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Publisher’s Note: Jacquie Scarbrough is a regular contributor to this magazine. In this issue, Jacquie journals her continued road to recovery after a ruptured AVM left her partially paralyzed. Facing her daily challenges with humor, determination and valiant optimism, she shares the wisdom of her healing process with her Cape Women Online family.

Hopes Realized

by Jacquie Scarbrough

Jacquie in rehabWell, it has been nearly four months since this saga began. Instead of surreally watching my legs shut down over a week, now I am watching my lower body regain function over months. It’s happening naturally to some extent, but more precisely it’s happening due to hard work: daily exercises, electrical stimulation and physical therapy sessions.

Presently I am wearing a half brace on my left leg – soon to be modified so my ankle can move too – and a full brace with a locking knee for my right leg. My left leg is working very well, but my right leg is still quite immobile. The ankle muscles do not work unless they are given an electrical charge.

The thigh and hamstring muscles are beginning to come back, but are weak. For example, today I “walked” without a full leg brace on my right leg, but with a walker, three people, and a wheelchair poised to catch me if I fell.

The focus is on regaining and strengthening the muscles in the right leg so we can remove the upper part of the brace and get the ankle to work. That will entail electrical stimulation to wake-up and strengthen the muscles, daily exercises to further strengthen them and walking exercises to re-train the connections between my brain and my legs. It takes brain and body, technology and exercise, patience and planning.

There are two aspects to life now: patience (learn how to live with what you’ve got) and determination (drive your body to do more). I am someone with extra energy who goes at full speed. Now I’ve learned to slow down.

I have to transfer from a wheelchair to a shower chair in the morning, then out again, and then get dressed while sitting in a wheelchair with one leg that doesn’t cooperate. I then put on braces. Believe me, there is no more rushing out the door in the morning! It takes determination to do common everyday tasks and I need to be determined to do the seven pages of exercises every day suggested by the physical therapists.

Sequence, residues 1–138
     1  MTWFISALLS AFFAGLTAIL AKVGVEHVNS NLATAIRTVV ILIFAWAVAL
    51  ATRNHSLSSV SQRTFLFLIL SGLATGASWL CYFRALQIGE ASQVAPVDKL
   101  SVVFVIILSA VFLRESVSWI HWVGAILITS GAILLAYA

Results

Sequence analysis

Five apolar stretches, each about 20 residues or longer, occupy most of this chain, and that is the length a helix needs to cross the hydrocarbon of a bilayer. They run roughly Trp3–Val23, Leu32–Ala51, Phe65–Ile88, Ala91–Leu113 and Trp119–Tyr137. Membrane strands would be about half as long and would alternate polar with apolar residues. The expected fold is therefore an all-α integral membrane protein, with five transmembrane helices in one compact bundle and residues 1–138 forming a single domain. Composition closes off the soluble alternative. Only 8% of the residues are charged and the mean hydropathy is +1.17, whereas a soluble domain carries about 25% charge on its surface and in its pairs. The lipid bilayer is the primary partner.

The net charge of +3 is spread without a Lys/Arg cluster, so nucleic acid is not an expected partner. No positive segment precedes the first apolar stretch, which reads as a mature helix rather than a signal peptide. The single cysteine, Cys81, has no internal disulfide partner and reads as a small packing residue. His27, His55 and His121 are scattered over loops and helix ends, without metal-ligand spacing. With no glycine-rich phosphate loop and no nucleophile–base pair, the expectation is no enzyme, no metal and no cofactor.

I also try to live a somewhat normal life: go to work, meetings and parties as well as cook and do household chores. I’ve developed some bi-level techniques at home. I use the wheelchair if I have to carry food or dishes to the table, for example, but I use my walker when chopping on the butcher block.

Oh, the pleasure of returning to work: using my mind and my skills and not focusing exclusively on my body. I’m so happy to be back. I have been working half a day and hope to soon be back to full days. The handicap entrance and elevator make entering my office a breeze, but interacting with the others in the main office is difficult. It’s a convoluted and fairly long walk. I will try it when the pressure is off so I have time and they are not inundated with students as they are now.

I’m learning to ask for help - something I’ve always done sparingly and uncomfortably. But now I need rides, someone to carry my food from the buffet table, and someone to do errands.

As I work proudly and assiduously to be independent, I’m also learning to appreciate the willingness of others to give and the pleasure of spending time with all those friends who volunteer. It decreases the isolation of disability and the ensuing loneliness.

The isolation is somewhat due to the height difference of being in a wheelchair, somewhat due to the inability to trot over and talk or sample the hors d’oeuvres, and somewhat due to the inability to drive.

People are generally unbelievably helpful, but they can’t comprehend disability unless they’ve lived it. I have to explain what I can and can’t do, how difficult it is to do simple things, and what they can do to help. And yet, I’d prefer not to be talking about the disability at all.

I am in transition – moving so slowly – forward. My emphasis is on the forward, not the slowly. I’ve learned to live with what I’ve got and not give up. I focus on what I can do and keep trying to do just a little bit more: lift that leg, bend that knee, raise that ankle. All the attention to my body keeps me busy and makes me eliminate what is not impo rtant.

I no longer waste time on the internet. I’ve begun sorting through my closets and giving away all the stuff I never use. And I give as much time as possible to relationships. My husband and I are closer than we have ever been. I’ve seen compassion and helpfulness in abundance from my women friends. I have gotten to know some friends in more depth as they assist me or inquire about me.

My slowing down has led me to spend more time with others. So I am moving slowly forward with friends as well as with my body keeps me busy and makes me eliminate what is not important.

Jacquie enjoys a walk with her husband, Lee
Jacquie enjoys a walk with her
husband, Lee.

Jacquie ScarbroughJacquie Scarbrough, a regular contributor to this magazine, lives in Harwich with her soul mate Lee.

Jacquie is also an advisor for the Plus 50 program at Cape Cod Community College.